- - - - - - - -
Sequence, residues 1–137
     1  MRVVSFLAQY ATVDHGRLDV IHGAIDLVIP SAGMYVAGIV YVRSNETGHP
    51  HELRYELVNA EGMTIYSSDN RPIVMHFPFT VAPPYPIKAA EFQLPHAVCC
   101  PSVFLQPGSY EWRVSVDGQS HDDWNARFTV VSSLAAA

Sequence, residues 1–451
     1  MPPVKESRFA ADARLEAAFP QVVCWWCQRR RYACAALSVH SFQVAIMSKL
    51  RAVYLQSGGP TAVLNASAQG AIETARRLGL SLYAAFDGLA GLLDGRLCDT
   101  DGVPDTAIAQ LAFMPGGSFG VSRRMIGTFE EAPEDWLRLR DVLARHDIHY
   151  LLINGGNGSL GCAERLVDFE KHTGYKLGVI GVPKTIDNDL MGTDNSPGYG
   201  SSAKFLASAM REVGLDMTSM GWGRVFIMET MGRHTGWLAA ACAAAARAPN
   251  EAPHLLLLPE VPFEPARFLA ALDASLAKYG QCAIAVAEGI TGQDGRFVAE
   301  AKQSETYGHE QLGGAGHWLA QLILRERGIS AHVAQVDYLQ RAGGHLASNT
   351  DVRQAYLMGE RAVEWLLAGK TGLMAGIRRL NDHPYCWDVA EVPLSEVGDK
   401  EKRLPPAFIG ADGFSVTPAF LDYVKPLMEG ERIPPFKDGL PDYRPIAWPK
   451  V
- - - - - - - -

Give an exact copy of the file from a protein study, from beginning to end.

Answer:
Sequence, residues 1–137
     1  MRVVSFLAQY ATVDHGRLDV IHGAIDLVIP SAGMYVAGIV YVRSNETGHP
    51  HELRYELVNA EGMTIYSSDN RPIVMHFPFT VAPPYPIKAA EFQLPHAVCC
   101  PSVFLQPGSY EWRVSVDGQS HDDWNARFTV VSSLAAA

Sequence, residues 1–451
     1  MPPVKESRFA ADARLEAAFP QVVCWWCQRR RYACAALSVH SFQVAIMSKL
    51  RAVYLQSGGP TAVLNASAQG AIETARRLGL SLYAAFDGLA GLLDGRLCDT
   101  DGVPDTAIAQ LAFMPGGSFG VSRRMIGTFE EAPEDWLRLR DVLARHDIHY
   151  LLINGGNGSL GCAERLVDFE KHTGYKLGVI GVPKTIDNDL MGTDNSPGYG
   201  SSAKFLASAM REVGLDMTSM GWGRVFIMET MGRHTGWLAA ACAAAARAPN
   251  EAPHLLLLPE VPFEPARFLA ALDASLAKYG QCAIAVAEGI TGQDGRFVAE
   301  AKQSETYGHE QLGGAGHWLA QLILRERGIS AHVAQVDYLQ RAGGHLASNT
   351  DVRQAYLMGE RAVEWLLAGK TGLMAGIRRL NDHPYCWDVA EVPLSEVGDK
   401  EKRLPPAFIG ADGFSVTPAF LDYVKPLMEG ERIPPFKDGL PDYRPIAWPK
   451  V